19. Mr. Fong Chi Keung, a Hong Kong permanent resident, married his wife Law Fung Chun in 1983 in Tung Kuan of People's Republic of China. She is told by the district officials that she is not qualified to apply for the One-way Entry Permit to emigrate to Hong Kong although she married Mr. Fong for 13 years. However, her two young children at the age of 9 and 10 were permitted to emigrate to Hong Kong at the end of 1995. The son and daughter miss their mother very much. They always get sick without their mother's caring. They have to take care of themselves, like preparing meals when Mr. Fong goes out to work.

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Remarks 1:

The figure is extracted from the "Report on the Hong Kong Residents married in China" by Hong Kong Census and Statistics Department in 1991. However, this is not substantiate in representing the real situations. The figure is only according to the registration of singletons in Hong Kong Immigration Department. However, the Immigration Department has no comprehensive information on the split families. This is mainly because, firstly, the application of the One-way Entry Permit rests on the hands of the PRC Government; and secondly, upon the arrival of the Chinese immigrants, they do not necessarily need to report their family compositions to the Hong Kong Government.

Remarks 2:

Distribution of 150 quotas of the One-way Entry Permit:

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TARGET QUOTA
Different types of spouses 30
Spouses separated over 10 years 30
Different types of children 35
Children of Hong Kong permanent residents 45
Others 10
Total 150

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Remarks 3:

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The Basic Law of The Hong Kong Special Administration Region of The People's Republic of China :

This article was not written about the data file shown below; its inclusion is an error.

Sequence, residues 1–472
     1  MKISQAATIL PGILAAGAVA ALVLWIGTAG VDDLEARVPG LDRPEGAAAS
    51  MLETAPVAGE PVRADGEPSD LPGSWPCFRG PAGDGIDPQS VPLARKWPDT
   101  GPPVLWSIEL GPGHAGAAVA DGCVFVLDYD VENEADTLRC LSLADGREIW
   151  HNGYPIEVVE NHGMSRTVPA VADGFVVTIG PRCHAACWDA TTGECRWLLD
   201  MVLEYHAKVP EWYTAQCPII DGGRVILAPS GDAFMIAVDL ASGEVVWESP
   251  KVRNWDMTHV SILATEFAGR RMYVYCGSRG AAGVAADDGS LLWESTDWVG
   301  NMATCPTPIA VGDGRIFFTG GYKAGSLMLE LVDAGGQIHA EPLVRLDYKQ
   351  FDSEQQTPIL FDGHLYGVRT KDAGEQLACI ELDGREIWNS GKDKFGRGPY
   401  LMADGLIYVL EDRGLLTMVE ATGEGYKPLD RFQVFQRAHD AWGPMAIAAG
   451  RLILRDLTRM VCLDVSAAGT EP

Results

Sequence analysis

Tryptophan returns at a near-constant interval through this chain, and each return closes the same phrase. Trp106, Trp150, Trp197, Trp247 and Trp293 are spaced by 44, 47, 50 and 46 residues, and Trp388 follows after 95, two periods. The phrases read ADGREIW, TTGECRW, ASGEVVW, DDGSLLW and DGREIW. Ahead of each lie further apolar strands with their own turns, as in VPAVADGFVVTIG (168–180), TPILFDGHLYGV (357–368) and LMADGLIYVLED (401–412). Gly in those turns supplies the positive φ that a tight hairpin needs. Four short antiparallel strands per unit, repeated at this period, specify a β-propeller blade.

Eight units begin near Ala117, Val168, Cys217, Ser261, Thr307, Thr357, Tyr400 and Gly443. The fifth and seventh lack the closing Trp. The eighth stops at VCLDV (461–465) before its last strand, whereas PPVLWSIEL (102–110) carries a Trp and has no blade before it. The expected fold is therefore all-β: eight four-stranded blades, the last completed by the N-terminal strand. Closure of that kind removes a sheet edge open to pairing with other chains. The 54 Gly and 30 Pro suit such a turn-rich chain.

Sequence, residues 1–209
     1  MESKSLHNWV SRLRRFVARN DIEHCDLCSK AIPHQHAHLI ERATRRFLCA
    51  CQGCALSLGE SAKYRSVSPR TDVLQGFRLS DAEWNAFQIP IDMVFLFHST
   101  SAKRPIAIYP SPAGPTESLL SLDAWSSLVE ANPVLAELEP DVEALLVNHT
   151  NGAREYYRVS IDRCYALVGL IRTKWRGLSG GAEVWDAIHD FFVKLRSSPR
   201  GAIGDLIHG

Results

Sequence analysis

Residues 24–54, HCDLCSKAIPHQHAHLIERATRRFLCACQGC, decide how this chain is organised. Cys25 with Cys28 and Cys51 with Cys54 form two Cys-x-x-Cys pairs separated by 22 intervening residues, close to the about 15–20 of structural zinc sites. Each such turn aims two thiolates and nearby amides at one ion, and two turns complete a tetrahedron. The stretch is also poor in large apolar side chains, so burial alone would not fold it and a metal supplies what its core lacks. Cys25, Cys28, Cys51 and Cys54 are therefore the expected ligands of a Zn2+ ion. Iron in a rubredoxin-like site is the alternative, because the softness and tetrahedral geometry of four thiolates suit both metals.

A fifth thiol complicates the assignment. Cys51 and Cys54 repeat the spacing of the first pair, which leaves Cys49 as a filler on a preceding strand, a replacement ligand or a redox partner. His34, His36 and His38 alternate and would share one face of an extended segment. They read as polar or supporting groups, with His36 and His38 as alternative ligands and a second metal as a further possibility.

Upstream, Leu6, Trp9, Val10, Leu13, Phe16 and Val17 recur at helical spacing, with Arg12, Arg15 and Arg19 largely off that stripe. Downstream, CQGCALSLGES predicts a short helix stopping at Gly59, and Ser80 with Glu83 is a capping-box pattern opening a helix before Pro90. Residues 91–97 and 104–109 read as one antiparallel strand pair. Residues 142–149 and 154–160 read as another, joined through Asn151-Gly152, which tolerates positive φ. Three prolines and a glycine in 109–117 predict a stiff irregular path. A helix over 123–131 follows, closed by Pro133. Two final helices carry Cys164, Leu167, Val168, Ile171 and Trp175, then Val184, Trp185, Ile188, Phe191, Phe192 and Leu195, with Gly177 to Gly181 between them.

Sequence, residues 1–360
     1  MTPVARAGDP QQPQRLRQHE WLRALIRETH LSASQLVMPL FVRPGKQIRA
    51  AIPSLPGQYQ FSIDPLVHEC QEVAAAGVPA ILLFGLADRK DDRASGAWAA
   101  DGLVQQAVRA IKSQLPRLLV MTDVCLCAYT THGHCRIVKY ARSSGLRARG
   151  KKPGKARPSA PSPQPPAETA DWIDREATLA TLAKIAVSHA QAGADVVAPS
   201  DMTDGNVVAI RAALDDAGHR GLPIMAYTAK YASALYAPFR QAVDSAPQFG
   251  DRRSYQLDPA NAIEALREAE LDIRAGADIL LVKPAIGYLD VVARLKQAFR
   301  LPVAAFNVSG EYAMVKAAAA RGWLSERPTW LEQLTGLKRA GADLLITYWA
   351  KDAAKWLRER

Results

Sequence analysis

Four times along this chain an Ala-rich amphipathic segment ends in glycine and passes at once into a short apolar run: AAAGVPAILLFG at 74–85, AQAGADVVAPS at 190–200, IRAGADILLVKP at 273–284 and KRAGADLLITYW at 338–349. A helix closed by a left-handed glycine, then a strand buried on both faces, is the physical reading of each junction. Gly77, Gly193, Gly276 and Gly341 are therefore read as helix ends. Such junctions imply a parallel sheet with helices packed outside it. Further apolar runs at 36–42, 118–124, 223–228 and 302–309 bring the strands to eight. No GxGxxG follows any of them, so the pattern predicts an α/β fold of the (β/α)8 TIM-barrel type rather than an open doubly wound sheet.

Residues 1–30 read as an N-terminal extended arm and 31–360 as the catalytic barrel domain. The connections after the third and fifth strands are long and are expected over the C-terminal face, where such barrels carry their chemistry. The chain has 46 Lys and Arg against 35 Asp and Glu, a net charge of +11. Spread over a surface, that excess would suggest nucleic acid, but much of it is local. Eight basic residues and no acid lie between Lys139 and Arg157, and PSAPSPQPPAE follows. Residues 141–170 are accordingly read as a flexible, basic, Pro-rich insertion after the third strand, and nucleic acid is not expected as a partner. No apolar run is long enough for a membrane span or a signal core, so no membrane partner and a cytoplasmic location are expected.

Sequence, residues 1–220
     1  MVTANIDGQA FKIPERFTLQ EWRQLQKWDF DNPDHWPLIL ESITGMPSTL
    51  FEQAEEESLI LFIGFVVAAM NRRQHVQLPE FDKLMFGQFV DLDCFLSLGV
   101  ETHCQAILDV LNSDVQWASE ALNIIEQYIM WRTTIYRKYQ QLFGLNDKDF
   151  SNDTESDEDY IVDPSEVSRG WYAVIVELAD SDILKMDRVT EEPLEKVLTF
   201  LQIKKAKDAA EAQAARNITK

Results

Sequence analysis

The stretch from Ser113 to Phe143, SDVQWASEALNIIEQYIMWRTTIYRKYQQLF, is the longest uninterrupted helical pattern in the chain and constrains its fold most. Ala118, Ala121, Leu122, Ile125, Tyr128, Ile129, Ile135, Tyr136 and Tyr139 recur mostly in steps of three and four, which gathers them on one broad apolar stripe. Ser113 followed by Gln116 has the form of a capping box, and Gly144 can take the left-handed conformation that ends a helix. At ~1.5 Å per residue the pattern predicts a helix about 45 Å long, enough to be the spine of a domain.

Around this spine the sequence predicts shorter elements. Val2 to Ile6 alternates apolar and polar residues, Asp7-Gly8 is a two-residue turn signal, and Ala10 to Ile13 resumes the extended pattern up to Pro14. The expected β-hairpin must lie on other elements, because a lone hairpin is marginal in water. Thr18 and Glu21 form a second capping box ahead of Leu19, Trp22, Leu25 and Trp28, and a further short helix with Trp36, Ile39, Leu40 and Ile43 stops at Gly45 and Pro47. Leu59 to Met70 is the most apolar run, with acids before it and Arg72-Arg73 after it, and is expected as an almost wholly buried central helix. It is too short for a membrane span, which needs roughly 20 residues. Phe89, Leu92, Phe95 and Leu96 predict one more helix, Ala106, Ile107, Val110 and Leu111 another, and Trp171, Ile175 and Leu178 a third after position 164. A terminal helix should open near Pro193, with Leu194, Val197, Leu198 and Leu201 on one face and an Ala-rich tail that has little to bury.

Article 24 : Residents of the Hong Kong Special Administrative Region ("Hong Kong Residents") shall include permanent residents and non-permanent residents.

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(1) Chinese citizens born in Hong Kong before or after the establishment of the Hong Kong Special Administrative Region;

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(2) Chinese citizens who have ordinarily resided in Hong Kong for continuous period of not less than seven years before or after the establishment of the Hong Kong Special Administrative Region;

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(3) Persons of Chinese nationality born outside Hong Kong of those residents listed in categories (1) and (2); As a result, Children born outside Hong Kong who, at the time of their birth, have one parent who is a permanent resident of Hong Kong, will have the right of abode in Hong Kong after 1997. To avoid a sudden influx of all these children into Hong Kong in 1997, the Hong Kong Government has begun to bring in these children in the past few years. In May 1995, the Hong Kong and the PRC Government agreed to a further increase in the one-way quota to 150 a day. Of the additional 45 permits, 30 will be allocated to these children and 15 to persons separated from their spouses in Hong Kong for ten years or more.